Wisconsin State Law Library

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WSLL @ Your Service September 2019

Read it online with your library card - Amy Crowder

Did you know you can access HeinOnline, LLMC Digital, and Index to Legal Periodicals outside one of our libraries, for free? You just need our library card. These subscription databases provide a variety of primary and secondary source materials including law reviews; federal laws, opinions, government documents; and archived state materials. Here's a look at a few of our favorites.

card and book

Legislative Journals from all 50 States

Over 8,000 volumes of state legislative journals are available in this collection on LLMC Digital. For most states, coverage spans from the early to mid-19th century through the late 20th century. Journals are arranged by state. LLMC hopes to expand coverage to colonial and territorial legislatures in the future.

7th Circuit Records and Briefs

A significant number of 7th Circuit records and briefs dating back to the 1920s are preserved and made available on LLMC, in partnership with the University of Illinois Albert E. Jenner Jr. Law Library and Google. Library users can search by docket number, party name, and dates, as well as searching full-text.

Wisconsin Law-Related Journals

Frequently cited law reviews and journals can be found on HeinOnline and Index to Legal Periodicals. These include all published issues of several Wisconsin titles: Marquette Law Review, Wisconsin Law Review, Wisconsin Bar Bulletin, and the Wisconsin Lawyer. An easy way to find these and other titles is by searching our Library Catalog and using the links that appear for each journal.

Gun Regulation and Legislation in America

This HeinOnline collection brings together compiled legislative histories, CRS Reports, Congressional hearings, U.S. Supreme Court briefs, scholarly articles, monographs, and other numerous related materials on the topic of regulating firearms. The collection is continually updated.

The Wisconsin State Law Library is pleased to provide these databases to our users. Visit our Articles & Journals page, select the database of interest, and enter your name and library card number when prompted. Only cardholders in firms with fewer than 25 attorneys may log in to HeinOnline; our other databases available to cardholders are available to everyone.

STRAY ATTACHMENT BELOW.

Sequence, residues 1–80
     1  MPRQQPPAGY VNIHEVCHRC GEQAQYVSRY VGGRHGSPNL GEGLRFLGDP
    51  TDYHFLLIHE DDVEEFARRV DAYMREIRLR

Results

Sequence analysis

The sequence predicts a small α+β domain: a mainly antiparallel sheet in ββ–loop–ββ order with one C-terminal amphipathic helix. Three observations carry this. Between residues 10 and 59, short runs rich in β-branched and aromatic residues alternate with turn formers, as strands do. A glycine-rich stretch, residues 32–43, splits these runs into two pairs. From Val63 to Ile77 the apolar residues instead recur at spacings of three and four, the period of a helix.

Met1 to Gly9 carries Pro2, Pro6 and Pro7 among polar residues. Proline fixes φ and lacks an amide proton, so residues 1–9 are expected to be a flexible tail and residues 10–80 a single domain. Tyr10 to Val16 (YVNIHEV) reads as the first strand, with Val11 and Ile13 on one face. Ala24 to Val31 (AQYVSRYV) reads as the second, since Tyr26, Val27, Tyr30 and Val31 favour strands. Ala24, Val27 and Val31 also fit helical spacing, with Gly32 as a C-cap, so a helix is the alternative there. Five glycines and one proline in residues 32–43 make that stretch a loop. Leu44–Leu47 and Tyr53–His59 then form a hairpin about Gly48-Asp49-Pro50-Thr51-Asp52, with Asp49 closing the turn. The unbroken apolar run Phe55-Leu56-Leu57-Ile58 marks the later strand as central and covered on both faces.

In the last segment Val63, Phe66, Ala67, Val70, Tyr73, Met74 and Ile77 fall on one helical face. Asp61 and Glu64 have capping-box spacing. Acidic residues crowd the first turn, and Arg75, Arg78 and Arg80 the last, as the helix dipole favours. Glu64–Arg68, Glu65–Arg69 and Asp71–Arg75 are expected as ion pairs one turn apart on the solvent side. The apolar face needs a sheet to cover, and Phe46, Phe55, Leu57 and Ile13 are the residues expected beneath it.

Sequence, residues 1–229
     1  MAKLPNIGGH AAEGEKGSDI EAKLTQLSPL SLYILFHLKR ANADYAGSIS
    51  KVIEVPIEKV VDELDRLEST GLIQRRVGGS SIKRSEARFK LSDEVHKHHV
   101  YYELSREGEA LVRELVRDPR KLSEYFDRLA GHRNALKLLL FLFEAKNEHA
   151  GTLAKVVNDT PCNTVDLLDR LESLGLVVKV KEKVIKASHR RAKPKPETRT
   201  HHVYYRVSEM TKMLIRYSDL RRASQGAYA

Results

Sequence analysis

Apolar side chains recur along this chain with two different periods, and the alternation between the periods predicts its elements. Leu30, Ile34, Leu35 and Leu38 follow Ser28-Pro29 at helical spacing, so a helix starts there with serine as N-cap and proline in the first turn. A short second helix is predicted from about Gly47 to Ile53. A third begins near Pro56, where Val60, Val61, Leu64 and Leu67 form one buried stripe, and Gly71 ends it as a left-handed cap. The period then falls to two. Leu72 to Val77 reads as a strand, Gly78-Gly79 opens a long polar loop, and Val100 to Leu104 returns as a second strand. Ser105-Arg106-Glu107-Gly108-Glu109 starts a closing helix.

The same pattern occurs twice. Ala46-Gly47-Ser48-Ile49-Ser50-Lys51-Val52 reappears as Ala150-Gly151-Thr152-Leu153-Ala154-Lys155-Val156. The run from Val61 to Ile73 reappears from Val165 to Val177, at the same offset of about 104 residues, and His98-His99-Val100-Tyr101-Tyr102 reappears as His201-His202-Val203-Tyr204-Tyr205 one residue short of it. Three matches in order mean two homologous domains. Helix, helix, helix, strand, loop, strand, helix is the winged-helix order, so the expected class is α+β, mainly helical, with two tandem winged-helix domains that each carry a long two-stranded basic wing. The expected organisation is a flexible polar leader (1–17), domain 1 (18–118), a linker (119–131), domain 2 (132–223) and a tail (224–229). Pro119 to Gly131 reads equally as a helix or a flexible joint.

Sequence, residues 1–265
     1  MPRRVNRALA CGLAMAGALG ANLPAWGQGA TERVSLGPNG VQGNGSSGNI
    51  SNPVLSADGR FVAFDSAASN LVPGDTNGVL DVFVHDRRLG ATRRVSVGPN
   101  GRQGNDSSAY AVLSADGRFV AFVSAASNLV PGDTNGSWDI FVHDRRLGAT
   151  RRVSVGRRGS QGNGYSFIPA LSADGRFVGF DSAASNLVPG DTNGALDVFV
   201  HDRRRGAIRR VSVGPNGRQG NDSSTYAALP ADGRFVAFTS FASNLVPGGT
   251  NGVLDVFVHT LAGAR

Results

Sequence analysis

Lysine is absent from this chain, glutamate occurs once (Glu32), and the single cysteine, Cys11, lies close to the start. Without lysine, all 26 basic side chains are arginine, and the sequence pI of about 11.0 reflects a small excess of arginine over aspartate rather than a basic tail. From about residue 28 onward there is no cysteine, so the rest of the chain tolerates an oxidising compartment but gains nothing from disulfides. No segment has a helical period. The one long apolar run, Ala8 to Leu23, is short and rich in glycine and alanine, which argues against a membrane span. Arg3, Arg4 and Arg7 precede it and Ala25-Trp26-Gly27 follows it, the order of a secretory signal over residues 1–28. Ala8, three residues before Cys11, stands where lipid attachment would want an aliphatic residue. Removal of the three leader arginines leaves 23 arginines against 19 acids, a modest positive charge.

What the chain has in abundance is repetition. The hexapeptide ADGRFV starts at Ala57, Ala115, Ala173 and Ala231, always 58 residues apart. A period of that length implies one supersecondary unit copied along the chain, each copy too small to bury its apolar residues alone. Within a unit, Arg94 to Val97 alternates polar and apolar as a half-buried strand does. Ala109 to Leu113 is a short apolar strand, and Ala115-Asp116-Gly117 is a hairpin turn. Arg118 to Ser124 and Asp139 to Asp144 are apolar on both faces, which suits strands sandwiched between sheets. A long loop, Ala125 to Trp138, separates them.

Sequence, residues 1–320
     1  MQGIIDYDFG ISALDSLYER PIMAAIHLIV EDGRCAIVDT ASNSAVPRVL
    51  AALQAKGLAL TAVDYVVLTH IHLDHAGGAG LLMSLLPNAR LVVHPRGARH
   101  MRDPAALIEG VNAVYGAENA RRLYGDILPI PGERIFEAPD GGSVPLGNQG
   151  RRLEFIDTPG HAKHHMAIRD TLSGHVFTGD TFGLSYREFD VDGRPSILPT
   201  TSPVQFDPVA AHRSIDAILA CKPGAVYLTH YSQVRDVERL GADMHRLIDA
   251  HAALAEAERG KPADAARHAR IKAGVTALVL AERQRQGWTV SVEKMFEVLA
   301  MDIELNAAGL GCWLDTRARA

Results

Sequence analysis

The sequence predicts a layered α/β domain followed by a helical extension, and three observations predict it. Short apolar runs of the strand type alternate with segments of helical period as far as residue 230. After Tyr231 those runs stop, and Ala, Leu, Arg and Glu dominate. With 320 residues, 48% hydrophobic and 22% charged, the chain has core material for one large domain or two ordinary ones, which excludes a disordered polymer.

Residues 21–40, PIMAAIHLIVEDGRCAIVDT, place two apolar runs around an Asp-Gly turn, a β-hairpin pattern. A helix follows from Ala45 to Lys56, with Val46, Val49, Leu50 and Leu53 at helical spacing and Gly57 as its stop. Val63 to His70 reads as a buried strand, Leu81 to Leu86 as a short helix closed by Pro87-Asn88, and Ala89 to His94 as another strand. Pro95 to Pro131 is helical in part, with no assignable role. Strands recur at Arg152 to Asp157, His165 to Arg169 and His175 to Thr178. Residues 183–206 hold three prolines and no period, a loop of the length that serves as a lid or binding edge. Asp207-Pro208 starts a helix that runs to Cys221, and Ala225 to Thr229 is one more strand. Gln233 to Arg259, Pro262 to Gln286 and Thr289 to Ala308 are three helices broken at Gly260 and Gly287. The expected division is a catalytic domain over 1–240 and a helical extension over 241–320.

Signing up for a card is easy - fill out our online form or give us a call at 608-266-1600.

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Leave Your Card at Home - Carol Hassler

September is Library Card Sign-up Month and while we love our library cards, it's not always convenient to carry them around. If you're trying to minimize what you store in your wallet, consider taking a photo or scanning your library card to keep it on your phone instead.

library card

Use a smartphone loyalty card app to store your library barcode - and many more - so you don't have carry a lot of cards around. With your barcode on your phone, you only have to remember your phone next time you check out books from the library. Popular apps include CardStar, Key Ring, and Stocard for Android and iOS.

You can also take a photo of your card and store it in your phone's photo library for easy access. The next time you check out a book, you might be able to use your phone instead!

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New Books - Kari Zelinka

New Edition!  What Are My Rights? Q & A About Teens and the Law, by Thomas A. Jacobs
Call Number: KF 479 .J334 2019

Judge Tom Jacobs has recently updated What are my Rights?  Q & A about Teens and the Law to include current statistics, new questions and answers, and the latest facts to help teens understand their rights and make informed decisions. Jacobs uses true stories about young people whose cases changed the legal system to illustrate various situations for teens. This book would be useful for parents as well as teens wondering about the consequences of texting and driving, social media posting, minimum age for a tattoo, discrimination, freedom of expression at school, and much more. 

Learn about legal topics involving teens in the following areas:

  • Family
  • School
  • Jobs
  • Cyberbullying
  • Depression
  • Undocumented immigrants

New Edition! Handbook on Household Hazardous Waste, edited by Amy Cabaniss
Call Number:  TD 1030 .H36 2018